Missed Periods Don't Always Mean You're Pregnant
A missed period does not automatically mean that you are pregnant. Missed periods happen for other medical reasons aside from pregnancy. Factors related to your health or your lifestyle may affect your period. So, before you take a pregnancy test or if you already ruled out pregnancy, here are some of the possible reasons why your menstrual cycle is off schedule.
- Changes on your weight
Women with low body weight and have eating disorders, like anorexia or bulimia, may experience missed periods. Same with women who are overweight or obese. Significant changes in your weight can change the way your body functions and may cause hormonal changes that may affect your ovulation. Getting treatment and proper diet will help put your period back on track.
- Polycystic Ovarian Syndrome (PCOS)
PCOS is a hormonal disorder that may cause missed periods. It results in hormonal imbalance in the body that can make ovulation irregular. Doctors usually recommend taking birth control pills for PCOS to regulate menstrual cycles.
Yes ladies, stress can affect your menstrual cycle. Chronic or prolonged stress can affect your body’s production of hormones. Your emotions can affect the hypothalamus, the region in the brain that controls the pituitary gland. The pituitary gland regulates the hormones that trigger ovulation which is why it may lead to late or a missed period.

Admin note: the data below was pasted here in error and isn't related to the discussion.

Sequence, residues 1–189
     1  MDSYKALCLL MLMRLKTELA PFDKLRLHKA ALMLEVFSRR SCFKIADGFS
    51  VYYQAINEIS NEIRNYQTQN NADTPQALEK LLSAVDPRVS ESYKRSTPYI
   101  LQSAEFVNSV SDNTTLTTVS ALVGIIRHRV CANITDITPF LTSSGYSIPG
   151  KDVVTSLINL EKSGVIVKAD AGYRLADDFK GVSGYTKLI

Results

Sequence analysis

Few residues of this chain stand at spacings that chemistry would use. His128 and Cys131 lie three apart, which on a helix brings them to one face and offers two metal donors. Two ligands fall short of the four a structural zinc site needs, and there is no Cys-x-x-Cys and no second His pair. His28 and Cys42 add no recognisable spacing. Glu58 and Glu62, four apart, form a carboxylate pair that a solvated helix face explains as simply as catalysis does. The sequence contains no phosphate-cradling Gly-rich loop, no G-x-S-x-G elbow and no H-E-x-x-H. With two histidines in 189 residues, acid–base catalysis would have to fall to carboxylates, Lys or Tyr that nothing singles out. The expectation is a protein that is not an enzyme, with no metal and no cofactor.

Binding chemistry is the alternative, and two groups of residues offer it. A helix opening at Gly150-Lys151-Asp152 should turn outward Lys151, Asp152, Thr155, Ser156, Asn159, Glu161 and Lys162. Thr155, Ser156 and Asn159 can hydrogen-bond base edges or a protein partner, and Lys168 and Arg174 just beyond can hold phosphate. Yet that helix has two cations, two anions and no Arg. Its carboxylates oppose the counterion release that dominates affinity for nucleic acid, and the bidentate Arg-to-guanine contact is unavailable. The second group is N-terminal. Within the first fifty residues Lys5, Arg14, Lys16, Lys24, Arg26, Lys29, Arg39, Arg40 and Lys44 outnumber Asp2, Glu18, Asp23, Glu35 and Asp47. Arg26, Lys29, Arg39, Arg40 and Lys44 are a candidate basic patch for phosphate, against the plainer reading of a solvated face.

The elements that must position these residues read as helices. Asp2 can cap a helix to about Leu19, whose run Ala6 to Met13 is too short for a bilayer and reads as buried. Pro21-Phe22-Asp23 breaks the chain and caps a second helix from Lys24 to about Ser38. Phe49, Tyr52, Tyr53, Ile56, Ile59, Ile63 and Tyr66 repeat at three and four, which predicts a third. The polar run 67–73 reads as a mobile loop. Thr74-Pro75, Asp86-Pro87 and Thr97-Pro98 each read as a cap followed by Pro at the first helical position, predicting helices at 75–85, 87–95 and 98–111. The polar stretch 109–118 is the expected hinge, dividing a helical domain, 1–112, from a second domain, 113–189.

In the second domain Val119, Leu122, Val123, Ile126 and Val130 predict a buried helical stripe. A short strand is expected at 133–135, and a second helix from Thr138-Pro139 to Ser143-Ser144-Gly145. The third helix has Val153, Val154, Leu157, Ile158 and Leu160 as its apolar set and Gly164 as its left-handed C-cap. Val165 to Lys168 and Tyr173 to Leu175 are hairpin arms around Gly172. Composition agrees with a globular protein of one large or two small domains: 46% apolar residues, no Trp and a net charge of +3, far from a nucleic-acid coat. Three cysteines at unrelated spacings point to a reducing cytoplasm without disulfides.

- Use of birth control/contraception
A side effect of some contraceptives like birth control pills, IUD, Implant or DMPA, is very light, late, non-existent, or irregular periods.
Breastfeeding may disrupt your menstrual cycle, especially during the first few months after giving birth. In fact, breastfeeding can be a temporary contraceptive method called Lactation Amenorrhea Method (LAM). It’s for women who have not gotten their period yet and are exclusively breastfeeding their babies who are less than 6 months old. As the baby starts eating solids and less milk is consumed, your period will eventually go back to normal and you will need to use other contraceptive methods to prevent pregnancy.
Perimenopause or menopausal transition is the time where a woman’s body naturally transitions to menopause which ends their reproductive years. During this time, irregular periods can occur along with other symptoms like hot flashes, vaginal dryness, lower sex drive, breast tenderness, and fatigue.
Some illnesses can interfere and affect your menstrual cycle like thyroid disease, pituitary tumors, diabetes, and liver dysfunction to name a few. If you have a missed period and have a chronic illness, it’s probably your illness that’s causing the irregularity.
- Changes in your sleep schedule
Did you recently switch to the night shift at work? Shifts in your body clock can actually affect your menstrual cycle. Your circadian rhythm or your sleep cycle can lead to unpredictable periods. It may cause your monthly period to start earlier or later than expected.
If you’re looking for reproductive health services in the Philippines, you may head over to our Health Facility Locator to find health facilities near your place.